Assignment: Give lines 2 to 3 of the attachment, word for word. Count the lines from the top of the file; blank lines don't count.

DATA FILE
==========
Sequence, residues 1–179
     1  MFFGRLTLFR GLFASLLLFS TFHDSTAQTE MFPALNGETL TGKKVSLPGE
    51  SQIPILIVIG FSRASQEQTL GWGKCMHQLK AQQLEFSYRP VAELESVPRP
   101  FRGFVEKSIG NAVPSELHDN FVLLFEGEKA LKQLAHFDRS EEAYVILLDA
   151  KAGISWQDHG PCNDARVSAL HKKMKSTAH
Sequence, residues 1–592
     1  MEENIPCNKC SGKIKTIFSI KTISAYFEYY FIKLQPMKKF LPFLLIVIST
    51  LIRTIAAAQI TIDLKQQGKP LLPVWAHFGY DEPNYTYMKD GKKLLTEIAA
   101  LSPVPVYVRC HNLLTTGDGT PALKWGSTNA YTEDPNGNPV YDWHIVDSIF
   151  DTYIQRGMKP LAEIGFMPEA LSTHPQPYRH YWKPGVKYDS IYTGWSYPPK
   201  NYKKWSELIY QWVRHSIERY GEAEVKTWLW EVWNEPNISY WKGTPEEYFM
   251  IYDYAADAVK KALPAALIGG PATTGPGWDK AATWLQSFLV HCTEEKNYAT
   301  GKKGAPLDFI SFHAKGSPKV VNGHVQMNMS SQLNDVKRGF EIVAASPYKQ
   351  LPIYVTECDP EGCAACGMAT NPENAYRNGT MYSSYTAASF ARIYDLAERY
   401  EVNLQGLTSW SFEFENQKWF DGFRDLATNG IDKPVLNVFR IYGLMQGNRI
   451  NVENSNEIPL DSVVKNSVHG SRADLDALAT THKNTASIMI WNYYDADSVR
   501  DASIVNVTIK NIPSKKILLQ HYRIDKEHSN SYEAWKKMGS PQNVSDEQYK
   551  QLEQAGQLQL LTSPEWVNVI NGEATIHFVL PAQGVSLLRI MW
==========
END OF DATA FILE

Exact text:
     1  MFFGRLTLFR GLFASLLLFS TFHDSTAQTE MFPALNGETL TGKKVSLPGE
    51  SQIPILIVIG FSRASQEQTL GWGKCMHQLK AQQLEFSYRP VAELESVPRP